The tunnel slopes upward. You can see sunlight – bright, almost blinding – trickling into the darkness. There is a scent on the cool breeze blowing towards you. Blood? No. But something similar…
It occurs to me that I have a few styles when it comes to encounter design. Sometimes I wing it. Sometimes I put a bunch of NPCs in a room and see what happens. Sometimes I follow the excellent Five Room Dungeon format.
Then there are other encounters that fit a different pattern. They are longer than most 5 Room Dungeons. They are made of related mini-encounters, which lets me add or drop stuff on the fly. There is scope for player agency – lots of invitations for them to do something unexpected. Then there’s the climax that changes the world – maybe subtly, maybe dramatically.
I build these encounters using these guidelines:
- Make it modular. These encounters consist of three parts, each of which is its own dungeon or encounter. This allows the gamemaster to swap parts of the encounter out, drop them if things are running slowly or add them if the PCs are sailing through. The parts work together but not all of them are necessary.
- Make it long. Each part can fill hours of gameplay. As a whole, these encounters can easily fill even a long session.
- Make it deep. These encounters aren’t just simple dungeon-dives. There might be rival factions, geographical quirks, overwhelming dangers, unusual obstacles – anything that stops the PCs from just kicking down doors and clearing rooms. The players will have to stop and think or else risk losing.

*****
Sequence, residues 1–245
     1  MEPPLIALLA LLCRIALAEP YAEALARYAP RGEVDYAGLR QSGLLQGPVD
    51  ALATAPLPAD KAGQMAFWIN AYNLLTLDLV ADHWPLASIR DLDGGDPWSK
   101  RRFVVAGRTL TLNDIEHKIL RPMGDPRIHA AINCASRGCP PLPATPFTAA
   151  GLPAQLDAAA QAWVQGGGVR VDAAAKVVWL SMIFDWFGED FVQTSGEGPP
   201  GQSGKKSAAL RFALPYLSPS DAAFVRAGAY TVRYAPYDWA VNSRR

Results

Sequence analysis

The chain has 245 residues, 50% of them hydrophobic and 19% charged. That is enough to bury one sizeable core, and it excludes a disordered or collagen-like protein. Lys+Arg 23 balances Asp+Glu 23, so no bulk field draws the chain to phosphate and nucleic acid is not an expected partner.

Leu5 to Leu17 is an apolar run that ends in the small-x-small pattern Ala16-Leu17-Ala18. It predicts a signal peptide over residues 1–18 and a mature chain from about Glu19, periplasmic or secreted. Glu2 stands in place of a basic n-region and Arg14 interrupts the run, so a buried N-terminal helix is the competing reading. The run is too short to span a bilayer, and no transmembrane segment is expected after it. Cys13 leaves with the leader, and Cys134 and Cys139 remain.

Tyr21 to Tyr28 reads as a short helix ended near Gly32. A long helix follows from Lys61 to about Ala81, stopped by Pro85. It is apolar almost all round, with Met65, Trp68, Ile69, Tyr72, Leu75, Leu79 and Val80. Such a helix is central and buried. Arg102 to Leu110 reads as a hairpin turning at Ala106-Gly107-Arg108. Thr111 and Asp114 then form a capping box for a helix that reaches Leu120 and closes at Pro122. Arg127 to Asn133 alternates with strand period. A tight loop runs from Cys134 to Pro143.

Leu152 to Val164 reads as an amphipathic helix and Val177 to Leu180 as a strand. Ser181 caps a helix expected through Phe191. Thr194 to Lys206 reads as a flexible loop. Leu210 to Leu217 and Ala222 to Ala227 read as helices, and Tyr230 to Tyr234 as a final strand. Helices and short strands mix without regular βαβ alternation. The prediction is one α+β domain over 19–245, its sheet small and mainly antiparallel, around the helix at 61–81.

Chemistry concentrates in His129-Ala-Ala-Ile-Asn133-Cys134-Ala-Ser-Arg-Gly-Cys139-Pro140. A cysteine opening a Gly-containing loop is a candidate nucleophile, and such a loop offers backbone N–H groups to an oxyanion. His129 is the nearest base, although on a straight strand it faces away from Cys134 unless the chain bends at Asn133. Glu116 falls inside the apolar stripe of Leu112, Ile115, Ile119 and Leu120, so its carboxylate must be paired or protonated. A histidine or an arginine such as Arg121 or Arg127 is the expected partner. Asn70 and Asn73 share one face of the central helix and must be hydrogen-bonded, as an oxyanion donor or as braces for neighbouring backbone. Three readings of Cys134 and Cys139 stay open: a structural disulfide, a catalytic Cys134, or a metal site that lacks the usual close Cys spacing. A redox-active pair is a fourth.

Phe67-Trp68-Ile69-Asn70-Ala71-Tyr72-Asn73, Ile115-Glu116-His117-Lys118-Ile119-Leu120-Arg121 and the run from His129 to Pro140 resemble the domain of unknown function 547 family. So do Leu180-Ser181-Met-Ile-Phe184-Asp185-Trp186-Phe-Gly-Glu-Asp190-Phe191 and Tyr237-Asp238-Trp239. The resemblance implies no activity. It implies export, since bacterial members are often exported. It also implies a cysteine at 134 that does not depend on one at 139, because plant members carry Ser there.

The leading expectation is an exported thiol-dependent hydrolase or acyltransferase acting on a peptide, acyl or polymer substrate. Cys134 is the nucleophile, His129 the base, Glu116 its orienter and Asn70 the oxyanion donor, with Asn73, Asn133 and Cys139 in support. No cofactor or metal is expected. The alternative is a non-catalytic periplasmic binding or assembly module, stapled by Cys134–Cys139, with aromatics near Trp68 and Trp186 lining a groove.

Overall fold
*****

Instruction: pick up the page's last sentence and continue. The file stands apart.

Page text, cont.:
- Make it meaningful. Not all of these encounters involve saving the cosmos from destruction, but they will mean more than saving the innkeeper’s daughter from goblins. Success or failure changes the landscape – sometimes literally. Consequences have a ripple effect.
These encounters are long. The only way to get away with that is if they are cohesive and build to something grand. Mine do both.
I’ll upload some to the Resources page, starting with the Nest_of_Steel. It needs adapting to specific systems and party levels, but is otherwise ready to run. Or you can take one or two parts and use them individually – one example: a shorter version of the Nest of Steel uses Parts A and C.